There is a paradox at the centre of the Italian political crisis: what may be good for Italy, or at least would be popular in Italy, would be bad for Europe. As the effective guardian of the Italian constitution and of the country’s international obligations, President Sergio Mattarella has vetoed a proposed finance minister who would, in effect, wreck the euro system. That has led to the collapse of a populist government led by Giuseppe Conte even before it was formed.
Instead Italy is to be run by a former IMF apparatchik Carlo Cottarelli, who will at least calm nerves in Brussels and Frankfurt. President Mattarella is pushing at the limits of the powers of his largely ceremonial role, but is following precedent and acting constitutionally. He is correct to say that the government as a coalition did not win a mandate to depart the euro by stealth.
Fresh elections may follow in the autumn. The chances are they will be no more decisive than the last few rounds. Italy’s drift looks set to continue, yet that may be least worst option facing this stagnant economy.
One of the few things the fractious putative coalition of the League, formerly the near-separatist Northern League, and the Five Star Movement agree on is that Italy should be allowed much more financial freedom, either within the euro or, if needs be, outside it. This is because they need to be able to print huge sums of money on an irresponsible programme, popular or not. The scale of the public spending required to satisfy their populist promises amounts to around 10 per cent of Italian GDP, a figure usually reached only during an extreme economic crisis. They can do that only by a vast increase in borrowing and taking grave risks with the viability of the euro and Italy’s membership of the system.
There is even loose talk about Italy resorting to a second, parallel euro banknote issue, aside from the official European Central Bank notes, via new “mini bots”, mini treasury bonds (the bot standing for buono ordinario del tesoro) with denominations from €10 to €250,000, a boon to criminals and tax dodgers as well as this new breed of Italian politicians. It is a blatant attempt to get round the rules of the single currency.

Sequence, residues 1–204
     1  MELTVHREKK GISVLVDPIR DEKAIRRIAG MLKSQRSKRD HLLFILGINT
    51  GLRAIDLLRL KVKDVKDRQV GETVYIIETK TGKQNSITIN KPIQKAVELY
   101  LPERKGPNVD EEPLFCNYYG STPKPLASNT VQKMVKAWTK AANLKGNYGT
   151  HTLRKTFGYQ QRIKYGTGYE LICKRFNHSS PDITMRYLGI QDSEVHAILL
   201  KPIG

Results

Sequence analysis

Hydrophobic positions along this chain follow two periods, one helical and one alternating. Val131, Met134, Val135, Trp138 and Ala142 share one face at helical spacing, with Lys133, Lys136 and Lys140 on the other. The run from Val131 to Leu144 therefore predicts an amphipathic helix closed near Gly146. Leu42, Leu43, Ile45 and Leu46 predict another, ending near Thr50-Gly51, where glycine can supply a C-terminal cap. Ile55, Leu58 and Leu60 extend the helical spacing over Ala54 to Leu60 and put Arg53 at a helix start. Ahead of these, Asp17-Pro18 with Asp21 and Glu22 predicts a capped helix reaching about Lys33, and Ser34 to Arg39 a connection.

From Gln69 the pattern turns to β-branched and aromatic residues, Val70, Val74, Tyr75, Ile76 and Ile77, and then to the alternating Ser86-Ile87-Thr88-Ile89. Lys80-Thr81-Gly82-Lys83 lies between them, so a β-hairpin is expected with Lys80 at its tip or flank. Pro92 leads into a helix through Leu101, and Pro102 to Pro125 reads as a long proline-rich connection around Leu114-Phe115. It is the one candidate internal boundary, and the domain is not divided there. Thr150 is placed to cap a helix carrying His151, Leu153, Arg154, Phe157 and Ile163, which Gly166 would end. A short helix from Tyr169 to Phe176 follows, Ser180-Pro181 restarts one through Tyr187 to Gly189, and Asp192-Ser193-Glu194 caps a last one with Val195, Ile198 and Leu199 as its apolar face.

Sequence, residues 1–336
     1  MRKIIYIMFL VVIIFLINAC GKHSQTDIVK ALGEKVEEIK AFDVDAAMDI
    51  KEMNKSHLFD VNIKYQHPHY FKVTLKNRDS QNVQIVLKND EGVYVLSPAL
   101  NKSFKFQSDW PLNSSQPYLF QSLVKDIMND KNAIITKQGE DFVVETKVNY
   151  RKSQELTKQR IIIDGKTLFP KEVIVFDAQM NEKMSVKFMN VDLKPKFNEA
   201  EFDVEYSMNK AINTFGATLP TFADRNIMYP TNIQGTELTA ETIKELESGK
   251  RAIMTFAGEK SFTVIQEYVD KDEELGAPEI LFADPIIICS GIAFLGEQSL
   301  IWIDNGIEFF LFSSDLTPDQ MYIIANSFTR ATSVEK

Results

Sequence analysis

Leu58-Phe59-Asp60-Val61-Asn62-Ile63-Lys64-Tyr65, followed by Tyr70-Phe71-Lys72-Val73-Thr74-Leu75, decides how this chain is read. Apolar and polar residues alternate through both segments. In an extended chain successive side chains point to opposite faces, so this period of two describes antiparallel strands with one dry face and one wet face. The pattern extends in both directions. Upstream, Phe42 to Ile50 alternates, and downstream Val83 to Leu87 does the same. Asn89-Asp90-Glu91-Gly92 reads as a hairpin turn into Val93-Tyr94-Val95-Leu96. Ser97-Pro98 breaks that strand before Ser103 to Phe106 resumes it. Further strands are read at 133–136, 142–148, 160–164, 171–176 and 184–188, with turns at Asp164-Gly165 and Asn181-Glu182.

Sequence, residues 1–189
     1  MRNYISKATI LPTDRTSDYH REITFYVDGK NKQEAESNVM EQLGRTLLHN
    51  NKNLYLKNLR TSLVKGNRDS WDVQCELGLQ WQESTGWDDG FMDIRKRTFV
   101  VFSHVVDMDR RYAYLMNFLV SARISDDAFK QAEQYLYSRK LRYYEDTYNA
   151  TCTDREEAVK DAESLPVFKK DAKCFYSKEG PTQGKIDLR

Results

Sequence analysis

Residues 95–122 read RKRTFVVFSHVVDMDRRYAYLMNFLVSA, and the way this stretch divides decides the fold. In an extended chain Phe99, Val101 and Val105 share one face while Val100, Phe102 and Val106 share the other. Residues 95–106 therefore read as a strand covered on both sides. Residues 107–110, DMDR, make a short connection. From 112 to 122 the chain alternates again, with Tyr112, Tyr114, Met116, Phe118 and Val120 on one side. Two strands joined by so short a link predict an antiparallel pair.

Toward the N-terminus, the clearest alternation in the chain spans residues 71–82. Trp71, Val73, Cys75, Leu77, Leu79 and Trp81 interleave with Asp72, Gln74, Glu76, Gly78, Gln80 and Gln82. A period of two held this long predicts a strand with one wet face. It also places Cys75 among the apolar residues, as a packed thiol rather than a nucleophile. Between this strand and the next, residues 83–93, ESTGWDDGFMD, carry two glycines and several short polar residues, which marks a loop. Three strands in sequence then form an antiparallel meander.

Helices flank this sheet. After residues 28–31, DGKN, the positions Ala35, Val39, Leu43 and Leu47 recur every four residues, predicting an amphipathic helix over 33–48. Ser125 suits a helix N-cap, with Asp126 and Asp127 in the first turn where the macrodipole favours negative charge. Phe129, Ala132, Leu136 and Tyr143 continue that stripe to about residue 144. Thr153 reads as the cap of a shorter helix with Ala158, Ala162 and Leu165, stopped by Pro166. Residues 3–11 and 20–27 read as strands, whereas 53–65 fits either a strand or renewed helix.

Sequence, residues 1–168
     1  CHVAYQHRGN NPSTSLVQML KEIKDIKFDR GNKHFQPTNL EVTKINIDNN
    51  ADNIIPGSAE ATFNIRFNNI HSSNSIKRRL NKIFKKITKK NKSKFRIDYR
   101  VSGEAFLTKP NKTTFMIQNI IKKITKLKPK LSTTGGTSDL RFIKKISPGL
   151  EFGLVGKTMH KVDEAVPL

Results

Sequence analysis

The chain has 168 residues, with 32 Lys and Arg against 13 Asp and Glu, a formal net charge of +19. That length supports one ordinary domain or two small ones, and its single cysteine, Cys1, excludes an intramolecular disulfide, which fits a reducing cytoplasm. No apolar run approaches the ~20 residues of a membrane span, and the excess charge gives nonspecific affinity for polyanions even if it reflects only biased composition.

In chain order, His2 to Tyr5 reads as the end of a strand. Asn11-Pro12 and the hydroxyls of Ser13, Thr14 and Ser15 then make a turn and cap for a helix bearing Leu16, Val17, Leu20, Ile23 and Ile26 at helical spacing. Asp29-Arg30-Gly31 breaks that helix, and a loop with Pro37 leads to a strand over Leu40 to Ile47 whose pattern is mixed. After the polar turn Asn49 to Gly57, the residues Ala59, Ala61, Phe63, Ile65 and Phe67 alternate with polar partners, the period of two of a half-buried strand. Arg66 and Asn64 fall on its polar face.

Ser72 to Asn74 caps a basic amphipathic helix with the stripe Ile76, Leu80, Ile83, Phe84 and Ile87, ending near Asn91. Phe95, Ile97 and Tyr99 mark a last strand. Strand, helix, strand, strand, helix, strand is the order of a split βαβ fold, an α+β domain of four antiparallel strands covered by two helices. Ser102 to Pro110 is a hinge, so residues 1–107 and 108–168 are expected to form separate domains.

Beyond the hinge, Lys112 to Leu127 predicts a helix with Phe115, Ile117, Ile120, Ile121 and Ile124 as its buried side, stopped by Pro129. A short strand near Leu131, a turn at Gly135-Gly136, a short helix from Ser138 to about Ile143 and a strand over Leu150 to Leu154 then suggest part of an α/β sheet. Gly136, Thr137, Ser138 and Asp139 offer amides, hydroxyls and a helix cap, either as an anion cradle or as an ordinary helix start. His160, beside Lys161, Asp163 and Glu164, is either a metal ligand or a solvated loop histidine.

The likely result would be that either Italy or Germany would leave the system, the latter out of sheer frustration and financial exhaustion. Berlin would be faced not only with higher bills because of Brexit, potentially, but also the cost of bailing out Italy, a far bigger challenge than rescuing Greece a few years ago.
So the stakes are high. The departure of Italy, the third largest economy in the single currency, would be a significant weakening of the system in itself, reducing confidence in its fundamental sustainability. Yet retaining Italy in the system under a regime of fiscal chaos would be hardly more palatable. Either are consequences that the League and Five Star coalition government has no mandate for, hence the presidential veto in Rome of the new finance minister. The one course of action that would reconcile things – a reformed and competitive Italian economy, with correspondingly more stable banks – is the one that it seems no one in Italy wishes to pursue.
As with Greece before, there is a theoretical case for Italy to leave the euro, to ease economic adjustment and facilitate overdue reforms, but it would hardly be cost free. The large national debt would need to be redenominated in some new lira form, with crushingly high interest rates required to attract investors to it, given the likelihood of default. Depreciation and inflation would follow an even more severe Italian debt crisis than the one currently approaching. The euro would face its greatest test yet, and Europe another setback almost as great as Brexit. Italy needs time to think again.
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